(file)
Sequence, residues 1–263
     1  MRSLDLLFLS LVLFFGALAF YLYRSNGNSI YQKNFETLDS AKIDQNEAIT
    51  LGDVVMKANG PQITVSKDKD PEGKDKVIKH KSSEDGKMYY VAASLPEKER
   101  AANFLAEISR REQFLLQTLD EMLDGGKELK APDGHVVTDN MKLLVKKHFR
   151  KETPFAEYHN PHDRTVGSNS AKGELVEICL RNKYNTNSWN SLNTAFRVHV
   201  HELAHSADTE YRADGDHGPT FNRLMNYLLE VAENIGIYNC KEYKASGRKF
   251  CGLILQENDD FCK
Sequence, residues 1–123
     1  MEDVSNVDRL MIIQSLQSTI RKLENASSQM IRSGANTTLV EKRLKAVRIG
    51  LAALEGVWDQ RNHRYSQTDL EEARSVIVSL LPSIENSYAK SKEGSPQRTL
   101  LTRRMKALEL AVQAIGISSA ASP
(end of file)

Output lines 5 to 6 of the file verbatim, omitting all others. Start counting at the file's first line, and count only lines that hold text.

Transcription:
   151  KETPFAEYHN PHDRTVGSNS AKGELVEICL RNKYNTNSWN SLNTAFRVHV
   201  HELAHSADTE YRADGDHGPT FNRLMNYLLE VAENIGIYNC KEYKASGRKF